April 26, 2024

Review: Ghost Station

Ghost Station Ghost Station by S.A. Barnes
My rating: 4 of 5 stars

This author seems to be making a career out of sci-fi horror, and a successful one: this book, her second, is more assured than her first. The back cover blurbs also compare this book to the classic sf/horror movie Alien, although that's not entirely accurate--there are no Xenomorphs to be found here. But there is a mystery and the slow reveal of alien possession, and the dawning horror of being taken over by a mysterious outside entity.

As in the author's first book, the protagonist Ophelia Bray is a troubled woman with a traumatic past of her own. She is the daughter of one of the richest families on Earth, and she is also the daughter of Field "Bloody" Bledsoe, who succumbed to ERS--Eckhart-Reiser syndrome--and killed twenty-nine people about twenty years before. Ophelia, then known as Lark Bledsoe, was present during the massacre and needless to say has been haunted by it ever since. She is now a psychologist studying the syndrome and trying to come up with ways to cure it, and as the book opens she is preparing to go into cold sleep for a three-month interstellar journey to join the Reclamation and Exploration team of the ship Resilience. They are on their way to an abandoned planet where an ancient alien city has been discovered, and Ophelia is taking new equipment provided by her employer, the Montrose corporation, to see if ERS can be prevented.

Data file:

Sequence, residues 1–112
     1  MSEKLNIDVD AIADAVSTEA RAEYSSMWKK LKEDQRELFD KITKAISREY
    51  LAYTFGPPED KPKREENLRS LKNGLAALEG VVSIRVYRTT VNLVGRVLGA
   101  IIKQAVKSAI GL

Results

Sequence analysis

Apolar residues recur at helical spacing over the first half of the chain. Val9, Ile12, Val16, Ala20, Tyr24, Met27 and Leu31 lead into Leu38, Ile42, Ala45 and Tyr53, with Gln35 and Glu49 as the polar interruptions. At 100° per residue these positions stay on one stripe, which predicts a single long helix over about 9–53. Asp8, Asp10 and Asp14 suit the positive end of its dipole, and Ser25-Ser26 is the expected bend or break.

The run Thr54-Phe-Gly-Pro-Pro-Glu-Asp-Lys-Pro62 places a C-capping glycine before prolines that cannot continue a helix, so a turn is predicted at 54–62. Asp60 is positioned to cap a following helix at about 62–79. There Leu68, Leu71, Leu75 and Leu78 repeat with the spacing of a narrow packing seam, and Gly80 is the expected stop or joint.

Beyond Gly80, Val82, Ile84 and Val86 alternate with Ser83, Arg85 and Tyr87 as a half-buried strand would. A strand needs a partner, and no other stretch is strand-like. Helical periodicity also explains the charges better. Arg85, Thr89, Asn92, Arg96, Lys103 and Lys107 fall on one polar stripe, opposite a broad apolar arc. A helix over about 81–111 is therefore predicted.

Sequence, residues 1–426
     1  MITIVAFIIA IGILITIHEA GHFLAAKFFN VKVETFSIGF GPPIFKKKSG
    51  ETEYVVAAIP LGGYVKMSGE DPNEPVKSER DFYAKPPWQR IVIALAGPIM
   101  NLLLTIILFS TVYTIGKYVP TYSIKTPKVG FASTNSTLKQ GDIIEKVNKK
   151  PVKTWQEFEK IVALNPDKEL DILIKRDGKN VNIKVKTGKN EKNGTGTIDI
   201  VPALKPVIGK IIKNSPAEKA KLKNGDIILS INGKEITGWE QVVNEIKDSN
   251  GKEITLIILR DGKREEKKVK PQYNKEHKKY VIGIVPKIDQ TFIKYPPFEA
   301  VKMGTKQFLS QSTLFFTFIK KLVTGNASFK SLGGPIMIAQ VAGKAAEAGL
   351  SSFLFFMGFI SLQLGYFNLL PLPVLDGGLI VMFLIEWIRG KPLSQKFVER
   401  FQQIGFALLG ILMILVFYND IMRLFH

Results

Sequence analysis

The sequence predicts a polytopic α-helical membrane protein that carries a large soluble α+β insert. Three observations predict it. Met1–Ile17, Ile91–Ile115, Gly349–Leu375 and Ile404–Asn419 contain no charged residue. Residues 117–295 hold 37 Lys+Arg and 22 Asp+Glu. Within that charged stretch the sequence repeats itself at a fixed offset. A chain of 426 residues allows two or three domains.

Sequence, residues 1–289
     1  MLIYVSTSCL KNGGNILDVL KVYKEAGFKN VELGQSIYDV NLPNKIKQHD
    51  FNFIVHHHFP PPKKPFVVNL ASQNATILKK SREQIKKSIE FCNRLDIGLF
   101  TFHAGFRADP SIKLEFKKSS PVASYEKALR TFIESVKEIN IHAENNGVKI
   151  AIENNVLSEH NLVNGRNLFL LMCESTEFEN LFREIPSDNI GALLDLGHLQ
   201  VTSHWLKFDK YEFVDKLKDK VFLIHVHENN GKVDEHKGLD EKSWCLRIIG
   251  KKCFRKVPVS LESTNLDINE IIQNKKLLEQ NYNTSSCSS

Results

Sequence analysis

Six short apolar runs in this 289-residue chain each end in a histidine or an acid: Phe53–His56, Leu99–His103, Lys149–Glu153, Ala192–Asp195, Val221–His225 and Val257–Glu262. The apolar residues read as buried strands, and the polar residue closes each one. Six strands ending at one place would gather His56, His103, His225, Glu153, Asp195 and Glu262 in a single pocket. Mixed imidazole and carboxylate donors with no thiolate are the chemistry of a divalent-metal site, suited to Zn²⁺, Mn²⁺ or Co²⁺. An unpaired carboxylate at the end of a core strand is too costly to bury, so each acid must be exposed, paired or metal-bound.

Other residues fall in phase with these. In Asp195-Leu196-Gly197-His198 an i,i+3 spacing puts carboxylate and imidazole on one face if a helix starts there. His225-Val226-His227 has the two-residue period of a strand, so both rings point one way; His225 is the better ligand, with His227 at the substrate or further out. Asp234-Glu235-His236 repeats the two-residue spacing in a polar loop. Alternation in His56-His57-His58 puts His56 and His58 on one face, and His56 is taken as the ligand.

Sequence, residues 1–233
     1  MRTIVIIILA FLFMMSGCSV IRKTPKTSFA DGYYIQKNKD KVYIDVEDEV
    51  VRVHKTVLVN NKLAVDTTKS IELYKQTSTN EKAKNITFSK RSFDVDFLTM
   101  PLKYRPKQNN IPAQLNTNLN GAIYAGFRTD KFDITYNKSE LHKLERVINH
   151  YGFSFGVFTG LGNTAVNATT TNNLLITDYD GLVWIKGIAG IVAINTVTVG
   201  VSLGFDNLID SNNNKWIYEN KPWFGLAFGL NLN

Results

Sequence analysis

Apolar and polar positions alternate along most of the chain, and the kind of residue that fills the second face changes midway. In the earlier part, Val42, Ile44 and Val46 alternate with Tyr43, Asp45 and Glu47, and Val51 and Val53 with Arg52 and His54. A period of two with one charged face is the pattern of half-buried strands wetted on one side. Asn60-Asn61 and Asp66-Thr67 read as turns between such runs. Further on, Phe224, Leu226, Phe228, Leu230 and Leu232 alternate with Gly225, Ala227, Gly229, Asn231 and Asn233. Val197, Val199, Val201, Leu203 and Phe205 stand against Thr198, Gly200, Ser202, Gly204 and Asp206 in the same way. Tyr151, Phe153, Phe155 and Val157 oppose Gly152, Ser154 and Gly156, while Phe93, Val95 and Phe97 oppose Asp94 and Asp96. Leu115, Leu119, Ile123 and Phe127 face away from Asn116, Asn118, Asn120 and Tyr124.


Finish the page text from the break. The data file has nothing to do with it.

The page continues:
But the R & E team don't want Ophelia there, and she has a difficult time settling in with them on the planet. Then comes the slow reveal of things starting to go wrong, and the rising horror of the ruins infecting all the team members and taking them over. One of the most effective things about this is that the cause of the possession is not defined--is it the two black alien towers on the planet, some sort of sentient nanotechnology that killed the original inhabitants thousands of years ago, an alien organism that manifests itself as black sludge oozing out of noses and ears, or something else altogether? It doesn't really matter, because after all the pieces are set in place this becomes a tightly written struggle for survival, as the surviving team members race to get off-planet before they are completely taken over and no longer in control of their own bodies.

Along the way Ophelia undergoes a nice character arc: she is riddled with survivors' guilt and self-hatred for being the daughter of "Bloody" Bledsoe, and she has to learn to let that go and recognize she is neither responsible for the past sins of her father or the current sins of her mother's family. There is a hint of romance between Ophelia and Ethan Severin, the commander of the expedition, but for the most part the focus is firmly on the horror of the situation and the fight to survive. After reading the author's first book, I can see how she has improved as a writer: this effort is more mature, with better pacing, worldbuilding and characterization, and simply a better story. This book is well worth your time.

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